Iconoclast Army General to Get Third Star

Army Maj. Gen. H.R. McMaster receives promotion

Maj. Gen. H.R. McMaster, center left, hands the Maneuver Center of Excellence flag to Command Sgt. Maj. James Carabello as he assumes command of the MCoE at Fort Benning, Ga.
Maj. Gen. H.R. McMaster, center left, hands the Maneuver Center of Excellence flag to Command Sgt. Maj. James Carabello as he assumes command of the MCoE at Fort Benning, Ga. / AP
• February 18, 2014 7:00 pm


An Army general who in the past criticized senior Army leaders for dereliction during the Vietnam War has been promoted and will likely pin on a third star later this year.

Army Maj. Gen. H.R. McMaster, one of the services more innovative leaders, was nominated for the rank of lieutenant general by President Barack Obama, and will become deputy commanding general of the Army Capabilities Integration Center at the Training and Doctrine Command in Langley, Va., Defense Secretary Chuck Hagel announced in a statement Tuesday.

McMaster, 51, is currently commanding general of the Army Maneuver Center of Excellence at Fort Benning, Ga. He is regarded as a protégé of retired Army Gen. David Petraeus, another of the Army’s innovators who helped turn around the war in Iraq by first developing a more flexible counterinsurgency strategy and then applying it to military operations.

"It is heartening to see the Army reward such an extraordinary general officer who is a thought leader and innovator while also demonstrating sheer brilliance as a war time brigade commander," retired Army Gen. Jack Keane, a former Army vice chief, said of the promotion.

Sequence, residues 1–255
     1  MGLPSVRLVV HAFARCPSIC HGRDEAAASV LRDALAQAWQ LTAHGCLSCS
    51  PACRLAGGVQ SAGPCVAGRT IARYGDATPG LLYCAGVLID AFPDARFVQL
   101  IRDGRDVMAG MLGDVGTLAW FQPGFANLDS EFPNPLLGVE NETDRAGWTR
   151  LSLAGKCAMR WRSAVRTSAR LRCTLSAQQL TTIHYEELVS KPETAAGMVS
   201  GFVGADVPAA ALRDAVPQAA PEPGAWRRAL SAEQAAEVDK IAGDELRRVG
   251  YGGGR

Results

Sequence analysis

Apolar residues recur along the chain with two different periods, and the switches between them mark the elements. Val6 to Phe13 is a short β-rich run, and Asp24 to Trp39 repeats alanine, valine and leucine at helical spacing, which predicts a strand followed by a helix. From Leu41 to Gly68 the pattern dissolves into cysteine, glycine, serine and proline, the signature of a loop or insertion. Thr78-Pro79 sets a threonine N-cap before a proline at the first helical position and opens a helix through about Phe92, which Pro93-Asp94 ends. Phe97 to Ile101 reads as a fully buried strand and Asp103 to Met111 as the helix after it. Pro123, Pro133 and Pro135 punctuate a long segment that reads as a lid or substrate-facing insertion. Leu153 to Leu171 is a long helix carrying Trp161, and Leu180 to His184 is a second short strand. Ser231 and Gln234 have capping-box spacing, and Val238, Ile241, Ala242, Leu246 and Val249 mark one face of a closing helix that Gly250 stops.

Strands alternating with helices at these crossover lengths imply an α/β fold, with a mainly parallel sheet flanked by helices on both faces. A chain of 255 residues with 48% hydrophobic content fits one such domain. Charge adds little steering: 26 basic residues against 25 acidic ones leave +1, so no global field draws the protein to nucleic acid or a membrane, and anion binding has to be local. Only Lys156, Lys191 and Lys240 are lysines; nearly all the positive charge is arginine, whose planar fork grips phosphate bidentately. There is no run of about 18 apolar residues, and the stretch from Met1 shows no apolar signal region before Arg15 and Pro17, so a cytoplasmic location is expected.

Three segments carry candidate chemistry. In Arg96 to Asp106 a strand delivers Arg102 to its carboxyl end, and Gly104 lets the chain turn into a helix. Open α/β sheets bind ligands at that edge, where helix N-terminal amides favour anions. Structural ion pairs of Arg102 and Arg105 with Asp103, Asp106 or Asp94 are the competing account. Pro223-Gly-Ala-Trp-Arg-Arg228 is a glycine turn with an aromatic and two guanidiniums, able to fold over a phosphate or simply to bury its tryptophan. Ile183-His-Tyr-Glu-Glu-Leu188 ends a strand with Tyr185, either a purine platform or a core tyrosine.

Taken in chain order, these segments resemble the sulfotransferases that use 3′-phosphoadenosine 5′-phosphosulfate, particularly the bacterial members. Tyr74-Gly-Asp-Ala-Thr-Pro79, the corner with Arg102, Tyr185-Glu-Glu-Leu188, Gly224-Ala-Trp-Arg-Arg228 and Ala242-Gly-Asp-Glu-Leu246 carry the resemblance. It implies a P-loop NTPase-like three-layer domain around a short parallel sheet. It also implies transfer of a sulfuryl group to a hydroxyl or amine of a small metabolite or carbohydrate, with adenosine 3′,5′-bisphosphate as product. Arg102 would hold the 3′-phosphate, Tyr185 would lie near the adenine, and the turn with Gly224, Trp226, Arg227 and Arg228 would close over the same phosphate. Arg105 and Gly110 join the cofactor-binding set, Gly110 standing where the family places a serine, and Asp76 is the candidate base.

McMaster was a captain during the 1991 Persian Gulf War and in 2004 led troops of the 3rd Armored Cavalry that took part in combat operations in Iraq.

The promotion represents the latest step in the rise of McMaster, who many observers felt had derailed his military career with the publication of his 1997 book "Dereliction of Duty: Lyndon Johnson, Robert McNamara, The Joint Chiefs of Staff, and the Lies that Led to Vietnam."

The book, written while McMaster was a major, was an exposé of senior Army leaders regarding their conduct in the Vietnam War. It revealed deceit and double crosses between President Johnson and the Joint Chiefs.

McMaster argued in the book against using the military solely as a political or diplomatic tool, and said instead military forces in conflict should inflict large-scale casualties and widespread damage against enemies to reach specific goals.

After publication, McMaster was protected by Petraeus and other Army leaders and ended up heading a military strategy unit within the U.S. Central Command.

He was passed over for brigadier general in 2006 and 2007, despite his combat duty, raising concerns that senior Army leaders had targeted him for early retirement.

He went to Afghanistan in 2010 to work under Petraeus who took over for Army Gen. Stanley McChrystal.

McMaster, a West Point graduate who has a Ph.D. in American history, wrote in one essay in the early 2000s that "President George W. Bush's approach to the current Iraqi problem stands in stark contrast to LBJ's approach to Vietnam."

"The Bush administration made its case for military action, and, after considerable debate, the American people, through their representatives in Congress, gave approval," he wrote. "The administration also made its case to the United Nations, highlighting the damage that inaction would inflict on prospects for peace in the long term."

McMaster stated in a New York Times op-ed last year that the U.S. military strategy in Iraq and Afghanistan relied too much on high technology and intelligence.

"The lesson: The wars in Iraq and Afghanistan, like all wars, were contests of will that unleashed dynamics that made future events impossible to predict," he stated.

The July 20 article was viewed widely as an Army critique of the Pentagon’s Navy and Air Force oriented Air Sea Battle Concept, developed to counter China’s development of high-tech weapons that will provide Beijing with strategic advantages over U.S. military forces.